It is not uncommon in a commercial credit transaction to have a loan to a business which is guaranteed by the principals and secured by a mortgage on the principals’ residence. When a default occurs, the creditor must choose how to proceed to collect, usually either by confessing judgment on the note or filing an action in mortgage foreclosure. Confessing judgment is highly efficient (see my previous blog on The Utility of Confessed Judgments) – it allows for an instant lien against all real property owned by the defendant in the county in which judgment is confessed. It further allows for execution against all types of property – personal property (bank accounts, cars, etc.) and real property owned by the judgment-debtor, even if the creditor does not have a mortgage on the real property.
Confessing Judgment On The Note
Filing An Action In Mortgage Foreclosure
However, if the creditor is going to specifically target “residential real property” as the source of payment of the judgment, the creditor may gain nothing by confessing judgment. This is because when executing on a confessed judgment against residential real property (defined in Act 6 as “real property located within this Commonwealth containing not more than two residential units or on which not more than two residential units are to be constructed and includes a residential condominium unit”), the creditor must first file an action to conform its confessed judgment prior to obtaining a writ of execution. The action to conform is a de novo action, meaning that the defendant may raise defenses in the conform case, even if defendant ignored the confessed judgment for years or waived those defenses by failing to include them in a previous petition to open.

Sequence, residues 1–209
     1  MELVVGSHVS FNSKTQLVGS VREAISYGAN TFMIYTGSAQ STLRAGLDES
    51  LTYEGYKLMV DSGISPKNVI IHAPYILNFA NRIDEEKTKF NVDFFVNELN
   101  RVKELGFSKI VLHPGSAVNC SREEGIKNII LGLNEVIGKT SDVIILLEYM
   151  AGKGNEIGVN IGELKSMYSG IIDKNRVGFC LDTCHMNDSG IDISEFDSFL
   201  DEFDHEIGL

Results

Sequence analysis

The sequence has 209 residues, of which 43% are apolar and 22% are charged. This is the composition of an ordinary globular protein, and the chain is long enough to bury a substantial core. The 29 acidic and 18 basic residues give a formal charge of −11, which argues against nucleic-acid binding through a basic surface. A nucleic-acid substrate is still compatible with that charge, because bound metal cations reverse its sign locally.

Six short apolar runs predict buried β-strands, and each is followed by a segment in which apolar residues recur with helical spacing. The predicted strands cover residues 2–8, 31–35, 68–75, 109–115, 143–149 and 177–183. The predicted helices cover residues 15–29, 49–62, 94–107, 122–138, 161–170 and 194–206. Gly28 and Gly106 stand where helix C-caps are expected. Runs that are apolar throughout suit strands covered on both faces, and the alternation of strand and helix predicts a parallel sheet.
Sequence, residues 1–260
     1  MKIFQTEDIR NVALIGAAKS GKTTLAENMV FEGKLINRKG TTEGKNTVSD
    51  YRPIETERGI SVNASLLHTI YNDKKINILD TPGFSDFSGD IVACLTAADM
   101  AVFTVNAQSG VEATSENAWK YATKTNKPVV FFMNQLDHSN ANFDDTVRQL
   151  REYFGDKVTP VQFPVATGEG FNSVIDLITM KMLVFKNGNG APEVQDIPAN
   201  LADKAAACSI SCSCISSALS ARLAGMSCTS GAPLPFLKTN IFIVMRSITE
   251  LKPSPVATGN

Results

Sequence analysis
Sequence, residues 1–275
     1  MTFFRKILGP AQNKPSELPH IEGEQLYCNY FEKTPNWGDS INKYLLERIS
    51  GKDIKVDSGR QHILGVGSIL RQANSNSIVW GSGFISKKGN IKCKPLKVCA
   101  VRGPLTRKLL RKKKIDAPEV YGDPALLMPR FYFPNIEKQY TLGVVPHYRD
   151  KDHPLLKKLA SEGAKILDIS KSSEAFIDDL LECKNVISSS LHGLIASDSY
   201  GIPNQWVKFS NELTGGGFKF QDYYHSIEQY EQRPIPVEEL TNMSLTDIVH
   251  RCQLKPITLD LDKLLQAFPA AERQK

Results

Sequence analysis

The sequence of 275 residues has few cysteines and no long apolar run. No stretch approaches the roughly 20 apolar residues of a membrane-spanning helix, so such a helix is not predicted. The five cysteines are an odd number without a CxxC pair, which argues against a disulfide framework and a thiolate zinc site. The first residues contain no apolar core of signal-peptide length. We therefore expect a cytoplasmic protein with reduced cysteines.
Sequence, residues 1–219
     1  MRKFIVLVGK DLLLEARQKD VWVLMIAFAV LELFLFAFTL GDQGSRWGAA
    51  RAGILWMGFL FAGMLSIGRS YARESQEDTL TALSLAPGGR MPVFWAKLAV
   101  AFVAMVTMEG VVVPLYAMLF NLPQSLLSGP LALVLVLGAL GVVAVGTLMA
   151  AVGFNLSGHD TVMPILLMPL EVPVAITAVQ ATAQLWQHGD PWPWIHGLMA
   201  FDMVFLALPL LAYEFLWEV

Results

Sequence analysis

If the creditor wants to specifically pursue a sheriff sale of residential real property, the creditor may be better served by initially filing an action in mortgage foreclosure. Once suit is filed, normal timelines can be expected for service on defendant and filing of default judgment if the defendant does not file any responsive pleading. One advantage of a mortgage foreclosure over an action on the note is that a mortgage foreclosure case has extremely narrow grounds for counterclaims by defendants. Also, there is no right to a jury trial in a mortgage foreclosure action. There is no such ban on jury trials on actions under the note, unless the defendant waived the right to jury trial in the note itself. An uncontested mortgage foreclosure action with no service issues takes approximately six months to complete in Pennsylvania, from the date of filing the complaint.
If you are a creditor who needs assistance deciding whether to proceed with an action on a note vs. a mortgage foreclosure action, the law firm of Unruh Turner Burke & Frees, P.C. may be able to assist you.